If you are like me with a large number of musician and music educator friends (or even just friends with people who love music) you might see the occasional article being posted on places like Facebook, Twitter, etc. praising the powers of music in one way or another. You yourself might have posted one or several of these articles. When people of the music community try to advocate for music we often go for many of the following lines:
- Music improves test scores
- Music relieves stress
- Music makes you better at math
- Music makes it easier to learn a second language
- Heart rates improve if you sing in a choir
- Music improves your immune system
- Music makes your kids smarter
- Music prevents dementia
- Music releves pain
- Music aids in memory
The list goes on and on. On top of the almost magical properties that many of these articles promise, it also doesn't take long to find people claiming music save their lives in one way or another. A common trope one might hear or read in a celebrity musician's bio is the transformative effect music (and/or other musicians and composers) had on them.
NOW, I'm not one to discount to discredit any of these claims or research nor diminishing the effect music had/has on peoples lives. But I would like to discuss our relationship with the medium. Often, these articles and bios make music out to be an almost "cure-all" treatment to all of life's problems. And it is not just the way we talk about the miracle properties of music that seems almost romanticizing.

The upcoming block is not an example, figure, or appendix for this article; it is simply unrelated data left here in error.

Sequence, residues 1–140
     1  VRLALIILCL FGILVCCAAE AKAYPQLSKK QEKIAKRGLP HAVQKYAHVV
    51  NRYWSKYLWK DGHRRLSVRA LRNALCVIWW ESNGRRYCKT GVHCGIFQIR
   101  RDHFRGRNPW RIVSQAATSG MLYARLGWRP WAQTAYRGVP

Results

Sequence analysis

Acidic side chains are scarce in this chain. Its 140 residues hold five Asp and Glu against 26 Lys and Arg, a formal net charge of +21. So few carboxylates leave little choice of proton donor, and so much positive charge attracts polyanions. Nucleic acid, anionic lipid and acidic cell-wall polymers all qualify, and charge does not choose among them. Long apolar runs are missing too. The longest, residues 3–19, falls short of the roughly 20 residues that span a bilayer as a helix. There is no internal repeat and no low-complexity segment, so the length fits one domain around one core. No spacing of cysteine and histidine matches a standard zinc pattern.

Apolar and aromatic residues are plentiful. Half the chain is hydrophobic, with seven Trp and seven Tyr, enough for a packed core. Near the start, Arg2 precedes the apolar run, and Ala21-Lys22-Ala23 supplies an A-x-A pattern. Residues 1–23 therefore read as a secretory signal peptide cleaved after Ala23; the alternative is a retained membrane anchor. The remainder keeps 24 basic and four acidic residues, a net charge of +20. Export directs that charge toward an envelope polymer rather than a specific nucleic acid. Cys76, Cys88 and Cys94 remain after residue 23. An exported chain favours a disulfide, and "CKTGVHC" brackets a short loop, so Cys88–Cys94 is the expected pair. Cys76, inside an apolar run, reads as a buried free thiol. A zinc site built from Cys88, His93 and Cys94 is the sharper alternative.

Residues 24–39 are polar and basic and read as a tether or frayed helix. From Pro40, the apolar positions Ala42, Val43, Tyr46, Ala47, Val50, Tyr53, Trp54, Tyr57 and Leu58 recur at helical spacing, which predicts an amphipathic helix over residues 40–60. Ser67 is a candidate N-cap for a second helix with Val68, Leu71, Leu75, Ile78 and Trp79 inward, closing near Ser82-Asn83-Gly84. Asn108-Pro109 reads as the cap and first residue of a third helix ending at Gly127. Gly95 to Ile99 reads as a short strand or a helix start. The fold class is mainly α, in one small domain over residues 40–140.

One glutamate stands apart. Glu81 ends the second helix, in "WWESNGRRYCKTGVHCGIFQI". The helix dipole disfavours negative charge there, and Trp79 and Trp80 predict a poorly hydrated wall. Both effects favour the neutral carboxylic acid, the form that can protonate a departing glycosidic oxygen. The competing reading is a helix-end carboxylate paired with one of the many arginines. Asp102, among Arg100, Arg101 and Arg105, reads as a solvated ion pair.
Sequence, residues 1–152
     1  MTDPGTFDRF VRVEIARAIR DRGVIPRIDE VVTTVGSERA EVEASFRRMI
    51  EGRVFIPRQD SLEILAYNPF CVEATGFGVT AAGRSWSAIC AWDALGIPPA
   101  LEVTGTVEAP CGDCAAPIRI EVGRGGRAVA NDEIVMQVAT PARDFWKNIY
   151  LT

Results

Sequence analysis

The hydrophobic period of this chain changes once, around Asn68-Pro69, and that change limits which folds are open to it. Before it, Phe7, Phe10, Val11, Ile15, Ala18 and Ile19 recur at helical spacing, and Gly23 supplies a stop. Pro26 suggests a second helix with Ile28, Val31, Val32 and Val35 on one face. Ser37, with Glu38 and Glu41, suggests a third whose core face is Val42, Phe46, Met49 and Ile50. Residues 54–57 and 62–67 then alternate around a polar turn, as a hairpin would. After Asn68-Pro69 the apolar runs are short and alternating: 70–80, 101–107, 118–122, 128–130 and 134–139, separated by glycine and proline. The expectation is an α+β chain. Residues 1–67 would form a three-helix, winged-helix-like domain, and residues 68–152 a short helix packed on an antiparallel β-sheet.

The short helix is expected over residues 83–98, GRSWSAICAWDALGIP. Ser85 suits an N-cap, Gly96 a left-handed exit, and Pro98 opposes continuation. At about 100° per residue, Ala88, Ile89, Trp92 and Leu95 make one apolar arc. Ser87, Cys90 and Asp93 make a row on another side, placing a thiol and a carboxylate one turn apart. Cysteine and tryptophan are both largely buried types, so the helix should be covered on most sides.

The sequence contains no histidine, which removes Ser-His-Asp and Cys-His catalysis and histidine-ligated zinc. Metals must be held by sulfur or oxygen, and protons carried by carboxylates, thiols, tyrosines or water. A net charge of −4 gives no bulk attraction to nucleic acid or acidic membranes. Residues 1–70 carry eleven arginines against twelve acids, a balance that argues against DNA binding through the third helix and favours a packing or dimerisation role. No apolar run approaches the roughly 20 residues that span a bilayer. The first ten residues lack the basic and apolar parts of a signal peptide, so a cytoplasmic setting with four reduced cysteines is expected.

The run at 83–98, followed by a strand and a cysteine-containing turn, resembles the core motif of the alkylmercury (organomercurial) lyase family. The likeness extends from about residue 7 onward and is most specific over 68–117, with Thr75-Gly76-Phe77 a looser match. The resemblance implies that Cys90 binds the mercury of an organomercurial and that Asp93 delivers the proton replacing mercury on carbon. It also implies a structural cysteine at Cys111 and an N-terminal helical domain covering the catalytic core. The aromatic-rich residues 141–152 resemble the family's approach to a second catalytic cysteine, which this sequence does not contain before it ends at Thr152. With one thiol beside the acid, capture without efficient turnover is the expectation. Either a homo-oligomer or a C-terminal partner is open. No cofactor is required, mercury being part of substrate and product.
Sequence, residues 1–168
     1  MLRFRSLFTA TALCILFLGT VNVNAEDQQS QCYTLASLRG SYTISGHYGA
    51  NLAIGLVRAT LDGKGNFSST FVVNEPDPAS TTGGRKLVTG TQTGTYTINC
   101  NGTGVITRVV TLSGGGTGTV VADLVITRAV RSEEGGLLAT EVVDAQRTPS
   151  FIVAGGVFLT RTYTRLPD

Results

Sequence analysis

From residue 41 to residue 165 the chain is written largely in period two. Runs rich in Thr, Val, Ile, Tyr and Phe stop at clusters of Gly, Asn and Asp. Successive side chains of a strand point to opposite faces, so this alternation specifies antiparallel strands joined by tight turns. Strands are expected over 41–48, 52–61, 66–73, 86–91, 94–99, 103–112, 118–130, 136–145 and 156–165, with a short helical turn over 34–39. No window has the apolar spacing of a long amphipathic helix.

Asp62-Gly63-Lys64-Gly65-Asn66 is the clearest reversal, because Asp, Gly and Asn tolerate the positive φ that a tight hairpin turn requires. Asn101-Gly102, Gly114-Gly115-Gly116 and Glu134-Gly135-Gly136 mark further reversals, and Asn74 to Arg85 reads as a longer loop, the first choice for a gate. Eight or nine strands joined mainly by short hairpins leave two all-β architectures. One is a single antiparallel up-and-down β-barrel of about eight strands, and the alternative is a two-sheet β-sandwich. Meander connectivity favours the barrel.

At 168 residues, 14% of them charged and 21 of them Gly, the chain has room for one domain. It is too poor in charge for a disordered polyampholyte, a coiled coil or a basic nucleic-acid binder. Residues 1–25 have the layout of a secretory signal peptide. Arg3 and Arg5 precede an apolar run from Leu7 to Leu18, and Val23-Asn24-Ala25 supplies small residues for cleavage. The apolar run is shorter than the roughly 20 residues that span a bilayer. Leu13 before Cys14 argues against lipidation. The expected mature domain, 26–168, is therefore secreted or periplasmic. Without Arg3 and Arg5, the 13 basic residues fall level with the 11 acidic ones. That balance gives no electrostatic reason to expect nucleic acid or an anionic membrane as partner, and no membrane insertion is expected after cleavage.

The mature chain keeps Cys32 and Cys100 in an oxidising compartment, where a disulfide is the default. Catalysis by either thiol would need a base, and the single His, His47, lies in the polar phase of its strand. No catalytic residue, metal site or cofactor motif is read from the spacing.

In the way we speak of music, I find that many treat it almost like a divine presence. Music can do no wrong and must be treated with the upmost seriousness and respect. From musicians and composer outright saying things to the effect of "music is godly" or "music is a way to speak closer to the divine", or attributing god like characteristic to composers (which is something painters have been doing since the day of Beethoven if you examine the iconography of composers portraits compared to their actual death mask--there is a lot of god imagery in many of Beethoven's portraits).
There are also subtle ways we place music on a pedestal. From the act of dressing up to see a classical music concert, placing a much higher standard of quality to music than many other things like food or what clothes we wear. Even the way many of us look up reverently towards the composer we admire as if they themselves were divine beings that we could never measure up to.
But is any of this really bad or good? Does deifying music harm our relationship with music or does it do music good to be treated this way? Do you find yourself looking at music through this romanticized lens? Discuss our relationship with music and if romanticizing and deifying music is inherently good or bad for us.